There are several resources that you will need ready-to-hand before you start to break things. Here’s a list of the basics:
- Login or sign up for a Twitter account: http://twitter.com.
- Have access to a comprehensive Unicode chart: http://unicode-table.com/en/#control-character
- Have a word processor, like Microsoft Word, open.
- Have your Unicode Hex Input activated on your computer.
- Directions for Mac Users:
- Directions for PC Users:
Let’s get started!
First things first. I recommend that you write your glitch in a word processor like Microsoft Word. This will help you better craft your glitch. It helps for a few reasons. 1) Much of this form of glitch-writing relies on stackable marks–what we call diacritical marks. Diacritical marks are typically used as “accent marks” over vowels. They indicate an alternative form of enunciation to those typically found in the English language. (For an explanation of some of the most common diacritical marks employed in the English language with their Unicode encoding, see Pinyin.info.) Using Word, rather than Twitter’s text box, will help you better organize your glitch, allow you to save your writing at any point, and act as a playground for the writing process. Further, Word used to have an even greater function. Prior to the June 21, 2016 9.0 Unicode update, it was possible to stack diacritical marks in Word and copy them to Twitter as a single character. Here is a screenshot of what this feature of the writing process looked like:
In the wake of the update, any interface you use to create stacked glitches will count each mark as a new character, limiting your glitch’s character count. 2) Twitter doesn’t recognize every Unicode encoding for every possible letter, number, and punctuation mark for every language. I’ve found that Microsoft Word can visualize more Unicode encodings than Twitter. This is important if you desire to break text boxes on other social media platforms. 3) Microsoft Word allows you to change the orientation and distance of your text, allowing for a more “sculptural” quality inherent to this type of writing.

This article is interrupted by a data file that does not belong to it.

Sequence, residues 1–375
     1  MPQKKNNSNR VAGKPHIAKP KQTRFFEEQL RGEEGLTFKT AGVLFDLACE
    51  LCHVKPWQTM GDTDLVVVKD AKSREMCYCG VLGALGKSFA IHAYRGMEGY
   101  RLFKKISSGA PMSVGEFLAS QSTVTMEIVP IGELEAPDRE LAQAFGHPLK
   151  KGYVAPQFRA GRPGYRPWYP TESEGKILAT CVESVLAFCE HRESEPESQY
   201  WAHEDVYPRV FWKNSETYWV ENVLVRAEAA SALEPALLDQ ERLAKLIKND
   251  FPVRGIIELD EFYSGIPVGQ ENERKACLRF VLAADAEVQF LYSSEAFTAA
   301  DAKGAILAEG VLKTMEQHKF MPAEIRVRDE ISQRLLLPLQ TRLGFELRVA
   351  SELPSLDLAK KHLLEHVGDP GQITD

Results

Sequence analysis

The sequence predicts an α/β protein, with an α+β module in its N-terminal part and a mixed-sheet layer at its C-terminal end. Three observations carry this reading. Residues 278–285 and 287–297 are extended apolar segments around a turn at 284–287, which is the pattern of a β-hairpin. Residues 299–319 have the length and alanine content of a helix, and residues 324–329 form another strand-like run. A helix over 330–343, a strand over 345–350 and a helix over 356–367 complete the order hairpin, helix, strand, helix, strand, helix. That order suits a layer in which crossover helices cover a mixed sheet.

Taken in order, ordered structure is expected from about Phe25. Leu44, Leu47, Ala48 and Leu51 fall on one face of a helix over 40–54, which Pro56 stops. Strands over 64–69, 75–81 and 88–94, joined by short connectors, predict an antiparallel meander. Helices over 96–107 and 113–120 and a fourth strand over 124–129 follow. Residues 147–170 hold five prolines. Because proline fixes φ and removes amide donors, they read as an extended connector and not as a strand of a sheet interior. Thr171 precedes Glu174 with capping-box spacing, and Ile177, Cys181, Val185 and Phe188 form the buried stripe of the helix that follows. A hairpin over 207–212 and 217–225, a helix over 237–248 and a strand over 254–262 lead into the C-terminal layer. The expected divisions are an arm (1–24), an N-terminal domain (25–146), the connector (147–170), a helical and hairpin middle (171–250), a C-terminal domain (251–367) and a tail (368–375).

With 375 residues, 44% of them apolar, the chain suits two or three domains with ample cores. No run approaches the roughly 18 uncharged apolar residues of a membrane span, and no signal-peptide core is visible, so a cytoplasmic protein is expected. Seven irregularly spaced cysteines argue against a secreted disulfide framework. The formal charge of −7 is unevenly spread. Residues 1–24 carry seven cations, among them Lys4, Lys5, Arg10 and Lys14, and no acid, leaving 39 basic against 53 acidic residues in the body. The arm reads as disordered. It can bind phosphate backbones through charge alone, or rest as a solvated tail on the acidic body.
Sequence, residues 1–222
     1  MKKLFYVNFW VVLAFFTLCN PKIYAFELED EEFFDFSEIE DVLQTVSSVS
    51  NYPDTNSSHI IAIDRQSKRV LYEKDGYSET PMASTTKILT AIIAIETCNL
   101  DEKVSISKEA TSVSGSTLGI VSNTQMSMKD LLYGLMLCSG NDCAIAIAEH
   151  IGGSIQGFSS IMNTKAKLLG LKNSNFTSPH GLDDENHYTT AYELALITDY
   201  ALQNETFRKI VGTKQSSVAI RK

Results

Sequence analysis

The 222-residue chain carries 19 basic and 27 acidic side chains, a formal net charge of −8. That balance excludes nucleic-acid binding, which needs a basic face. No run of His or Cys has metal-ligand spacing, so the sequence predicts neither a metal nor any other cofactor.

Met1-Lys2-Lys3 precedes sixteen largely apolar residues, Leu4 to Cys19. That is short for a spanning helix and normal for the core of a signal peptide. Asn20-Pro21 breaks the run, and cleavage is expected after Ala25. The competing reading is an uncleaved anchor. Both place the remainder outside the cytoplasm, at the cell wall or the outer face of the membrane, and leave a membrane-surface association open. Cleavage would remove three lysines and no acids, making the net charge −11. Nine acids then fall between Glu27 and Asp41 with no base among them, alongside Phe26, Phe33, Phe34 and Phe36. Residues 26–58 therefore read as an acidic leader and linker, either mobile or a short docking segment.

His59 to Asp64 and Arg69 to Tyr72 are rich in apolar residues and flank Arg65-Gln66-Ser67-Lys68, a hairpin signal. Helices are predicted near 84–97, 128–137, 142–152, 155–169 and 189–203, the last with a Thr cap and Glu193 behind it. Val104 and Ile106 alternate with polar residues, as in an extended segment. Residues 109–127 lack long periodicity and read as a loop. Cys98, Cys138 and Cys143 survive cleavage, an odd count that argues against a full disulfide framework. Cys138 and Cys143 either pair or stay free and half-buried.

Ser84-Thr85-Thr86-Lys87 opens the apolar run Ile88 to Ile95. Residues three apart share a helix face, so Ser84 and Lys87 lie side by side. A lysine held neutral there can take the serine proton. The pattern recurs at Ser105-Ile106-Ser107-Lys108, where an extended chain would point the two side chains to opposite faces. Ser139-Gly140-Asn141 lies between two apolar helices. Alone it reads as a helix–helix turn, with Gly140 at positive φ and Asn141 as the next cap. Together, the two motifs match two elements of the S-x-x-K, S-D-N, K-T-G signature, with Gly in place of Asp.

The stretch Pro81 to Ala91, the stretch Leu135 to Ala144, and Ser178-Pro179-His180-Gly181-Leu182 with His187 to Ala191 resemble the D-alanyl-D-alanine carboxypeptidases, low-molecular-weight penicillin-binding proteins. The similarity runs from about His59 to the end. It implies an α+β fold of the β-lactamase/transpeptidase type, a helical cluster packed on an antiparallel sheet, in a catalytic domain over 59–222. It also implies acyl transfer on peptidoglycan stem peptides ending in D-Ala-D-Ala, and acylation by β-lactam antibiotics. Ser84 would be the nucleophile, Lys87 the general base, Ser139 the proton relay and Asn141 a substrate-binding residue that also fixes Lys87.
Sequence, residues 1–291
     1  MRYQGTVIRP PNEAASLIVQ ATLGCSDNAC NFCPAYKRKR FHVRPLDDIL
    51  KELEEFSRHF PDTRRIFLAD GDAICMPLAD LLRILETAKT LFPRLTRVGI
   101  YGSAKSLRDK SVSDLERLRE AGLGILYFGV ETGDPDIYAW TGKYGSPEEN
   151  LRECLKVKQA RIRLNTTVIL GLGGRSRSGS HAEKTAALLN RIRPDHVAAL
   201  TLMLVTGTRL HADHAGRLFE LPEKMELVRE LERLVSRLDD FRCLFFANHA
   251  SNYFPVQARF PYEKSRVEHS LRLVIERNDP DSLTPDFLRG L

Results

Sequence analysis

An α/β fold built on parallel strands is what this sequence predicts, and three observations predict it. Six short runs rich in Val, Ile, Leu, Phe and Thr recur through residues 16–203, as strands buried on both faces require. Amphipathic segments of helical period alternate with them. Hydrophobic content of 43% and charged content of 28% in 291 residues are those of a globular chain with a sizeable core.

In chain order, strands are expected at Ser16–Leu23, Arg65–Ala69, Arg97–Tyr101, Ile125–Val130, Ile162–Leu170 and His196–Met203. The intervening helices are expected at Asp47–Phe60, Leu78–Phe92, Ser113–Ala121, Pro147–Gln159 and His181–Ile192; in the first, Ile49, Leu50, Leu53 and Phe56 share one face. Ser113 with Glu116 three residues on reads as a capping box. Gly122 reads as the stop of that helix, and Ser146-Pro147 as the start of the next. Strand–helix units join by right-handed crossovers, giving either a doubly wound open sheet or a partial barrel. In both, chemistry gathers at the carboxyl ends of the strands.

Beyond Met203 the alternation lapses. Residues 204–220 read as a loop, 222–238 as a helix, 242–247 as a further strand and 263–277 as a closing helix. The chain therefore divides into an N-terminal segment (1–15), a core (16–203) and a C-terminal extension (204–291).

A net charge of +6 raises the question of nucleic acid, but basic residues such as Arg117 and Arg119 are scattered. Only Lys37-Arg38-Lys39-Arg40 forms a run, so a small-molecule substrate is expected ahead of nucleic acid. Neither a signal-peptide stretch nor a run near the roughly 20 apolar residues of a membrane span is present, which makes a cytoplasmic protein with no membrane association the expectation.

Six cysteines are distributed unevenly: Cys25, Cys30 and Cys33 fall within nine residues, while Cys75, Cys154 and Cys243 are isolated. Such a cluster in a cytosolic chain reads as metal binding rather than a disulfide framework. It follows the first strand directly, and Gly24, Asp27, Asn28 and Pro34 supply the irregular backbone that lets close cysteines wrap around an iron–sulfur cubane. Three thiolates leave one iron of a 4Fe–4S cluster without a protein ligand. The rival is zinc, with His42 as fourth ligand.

Ok! Open a new Microsoft Word document and activate the Unicode Hex Input on your keyboard. Once you have the Unicode Hex Input activated, open your Unicode chart and scroll to the section labeled 0300, “Combining Diacritical Marks.” The 0300 – 0360 range of encodings gives you the largest set of stackable characters within the Unicode chart. Feel free to explore other language subsets and options, but be sure to remember that the characters that range from 0300 – 0360 allow you to stack. This feature is important for two reasons. 1) Stackable characters are necessary for exceeding the spatial limits of the text box (both vertically and horizontally). Where we typically think of the text box on a given interface to be a self-contained compositional environment, diacritical marks reveal this to be a farce. 2) Stackable characters allow you to move seamlessly between linguistic systems as you also combine them. Think about diacritical marks like digital-linguistic glue; they allow you to combine characters from a multiplicity of natural languages in order to communicate beyond their individual confines. These marks are what often give the practice of glitch-writing its sculptural quality.
Once you have decided which characters/linguistic systems you’d like to play with, type a character’s Unicode encoding in Microsoft Word. For Macs, you can do this by holding down the option key while typing the encoding. For PCs, hold down the Alt key, press the + key, then type the Unicode encoding.
After a few cycles, things will start to get weird. When you add letters and diacritical marks to your Word document, the diacritical marks stack toward the viewer, rather than vertically or horizontally. It will look jumbled, but don’t worry, you’re breaking things the right way. Your glitch should look something like this:
While it is difficult to detect now, many of these marks and characters will reorient themselves within the text boxes of each social media platform you might place it in. Here is an example of what this glitch looks like on Twitter:
This is what the same glitch looks like on Facebook:
Here it is on Fold:
This is what it looks like if I copy and paste it directly into my current text box:
This is what is looks like when I write it:
Remember, different digital platforms will visualize your glitch differently. Not all digital platforms recognize the same Unicode sets, nor do they situate text in the same way. (If you have ever sent an emoji from your iPhone to a friend’s Android and had it change in the process, you know what I’m talking about.)
At this point, you’ve been supplied with the basics. Be as creative with the process as you like. You will inevitably fail, but that’s kind of the point.